The ability to calculate chess tactics separates beginners from experts. I am constantly asked by lower-rated players, “How do I get better at calculating chess tactics?” The German chess player Richard Teichmann once said that, “Chess is 99% tactics.” He was right. I’m sure many players would argue the exact percentage that tactics plays in an average chess game but being able to calculate is critical to chess improvement.
Recognizing tactical themes and motifs on the chessboard will make you a better player. The best way to do this is through practice. Strong players quickly see tactical combinations because they have gone through countless tactical problems both in their games and through study.
If you’re curious how far tactical training can take a player, I encourage you purchase the book, “Rapid Chess Improvement”. The author won the under 2000 section of the World Open through a series of strenuous tactical training exercises that he outlines in his book. He also notes that his rating improves 400 rating points in under two years.
My approach to calculate chess tactics
Every chess problem tells a story. Some of those stories involve square control, while others speak to the occupation of a file or diagonal. Every position is different. When you look at a position you should be asking yourself the following questions:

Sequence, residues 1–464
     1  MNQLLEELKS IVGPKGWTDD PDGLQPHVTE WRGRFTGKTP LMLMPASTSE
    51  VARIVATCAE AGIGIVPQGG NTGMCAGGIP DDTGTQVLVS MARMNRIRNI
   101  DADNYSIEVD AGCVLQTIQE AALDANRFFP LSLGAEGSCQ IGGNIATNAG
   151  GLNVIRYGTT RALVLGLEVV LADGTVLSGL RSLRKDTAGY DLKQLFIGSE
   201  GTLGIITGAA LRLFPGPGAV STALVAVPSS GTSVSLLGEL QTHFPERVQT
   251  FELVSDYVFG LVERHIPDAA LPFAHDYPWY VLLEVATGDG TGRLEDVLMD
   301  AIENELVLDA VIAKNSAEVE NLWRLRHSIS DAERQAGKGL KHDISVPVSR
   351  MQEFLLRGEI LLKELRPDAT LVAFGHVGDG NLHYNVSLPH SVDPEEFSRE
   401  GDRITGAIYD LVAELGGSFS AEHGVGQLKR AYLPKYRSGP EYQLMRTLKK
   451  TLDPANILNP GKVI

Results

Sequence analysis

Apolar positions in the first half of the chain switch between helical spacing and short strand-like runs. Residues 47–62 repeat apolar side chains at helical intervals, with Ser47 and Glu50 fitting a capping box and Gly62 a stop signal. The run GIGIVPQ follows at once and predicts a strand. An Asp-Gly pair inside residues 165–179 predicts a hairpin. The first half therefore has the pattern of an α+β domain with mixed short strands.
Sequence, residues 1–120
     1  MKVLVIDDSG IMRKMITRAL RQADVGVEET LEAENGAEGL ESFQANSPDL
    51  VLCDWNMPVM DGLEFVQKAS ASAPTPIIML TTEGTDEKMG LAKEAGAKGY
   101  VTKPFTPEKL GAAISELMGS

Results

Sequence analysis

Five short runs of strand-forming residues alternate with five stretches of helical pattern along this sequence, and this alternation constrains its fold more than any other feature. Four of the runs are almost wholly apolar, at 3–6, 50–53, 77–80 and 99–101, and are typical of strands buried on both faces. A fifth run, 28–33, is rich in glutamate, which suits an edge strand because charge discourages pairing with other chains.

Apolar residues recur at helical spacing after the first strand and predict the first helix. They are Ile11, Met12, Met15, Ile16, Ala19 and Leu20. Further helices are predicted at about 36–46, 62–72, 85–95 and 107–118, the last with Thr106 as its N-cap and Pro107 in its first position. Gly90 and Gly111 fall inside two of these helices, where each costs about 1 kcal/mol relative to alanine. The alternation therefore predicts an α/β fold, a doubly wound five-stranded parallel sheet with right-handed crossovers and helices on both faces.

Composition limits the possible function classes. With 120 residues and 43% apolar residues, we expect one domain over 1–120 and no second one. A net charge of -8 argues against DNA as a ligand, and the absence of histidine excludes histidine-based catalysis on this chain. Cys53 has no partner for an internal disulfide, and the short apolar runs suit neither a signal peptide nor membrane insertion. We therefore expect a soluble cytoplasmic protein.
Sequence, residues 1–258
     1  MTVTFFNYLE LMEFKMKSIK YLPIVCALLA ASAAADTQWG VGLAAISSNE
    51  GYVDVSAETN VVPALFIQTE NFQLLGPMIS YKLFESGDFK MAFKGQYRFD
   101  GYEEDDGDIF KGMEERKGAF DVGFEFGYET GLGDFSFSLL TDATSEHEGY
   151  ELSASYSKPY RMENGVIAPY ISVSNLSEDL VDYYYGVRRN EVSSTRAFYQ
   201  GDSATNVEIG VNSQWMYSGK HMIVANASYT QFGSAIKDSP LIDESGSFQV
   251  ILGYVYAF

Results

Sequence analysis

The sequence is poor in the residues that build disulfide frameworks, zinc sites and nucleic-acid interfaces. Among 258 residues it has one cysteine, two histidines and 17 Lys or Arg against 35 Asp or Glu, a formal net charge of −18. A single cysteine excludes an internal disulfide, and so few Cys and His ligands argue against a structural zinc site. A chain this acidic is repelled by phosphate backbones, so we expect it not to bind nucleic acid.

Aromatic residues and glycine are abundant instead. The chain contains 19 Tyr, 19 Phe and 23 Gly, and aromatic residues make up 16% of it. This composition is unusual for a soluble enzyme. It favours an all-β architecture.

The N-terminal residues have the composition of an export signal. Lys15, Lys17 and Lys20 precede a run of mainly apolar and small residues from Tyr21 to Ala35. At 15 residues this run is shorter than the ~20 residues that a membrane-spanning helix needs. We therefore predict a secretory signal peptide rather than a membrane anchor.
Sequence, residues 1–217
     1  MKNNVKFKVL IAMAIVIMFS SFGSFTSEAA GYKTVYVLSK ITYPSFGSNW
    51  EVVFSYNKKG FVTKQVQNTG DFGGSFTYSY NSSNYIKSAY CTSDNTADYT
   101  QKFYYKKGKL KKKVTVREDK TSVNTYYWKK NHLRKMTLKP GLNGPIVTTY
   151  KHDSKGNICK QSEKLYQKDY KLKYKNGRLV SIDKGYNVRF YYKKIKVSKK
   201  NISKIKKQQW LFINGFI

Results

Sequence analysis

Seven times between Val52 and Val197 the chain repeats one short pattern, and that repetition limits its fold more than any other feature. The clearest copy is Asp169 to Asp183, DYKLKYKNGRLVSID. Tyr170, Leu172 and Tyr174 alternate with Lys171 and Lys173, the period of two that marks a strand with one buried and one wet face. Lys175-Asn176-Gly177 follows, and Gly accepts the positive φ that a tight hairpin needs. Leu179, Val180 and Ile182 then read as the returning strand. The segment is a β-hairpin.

- Material. What is the current body count? Count pawns, minor pieces, rooks and queens. Am I up material or does my opponent have an advantage?
- Threats. Always look at what your opponent is threatening first. Before you can launch an attack, it is important to understand what moves your opponent can play against you.
- Weaknesses. Once you are confident your position is safe from threats, begin to look for weaknesses in your opponent’s camp. Are any of his pieces hanging? Is there a weak file or diagonal you can take advantage of?
Remember, to calculate chess tactics accurately takes practice. The more you solve, the stronger you will become.
Below is a video that will walk you through this process. Please feel free to leave comments/feedback below.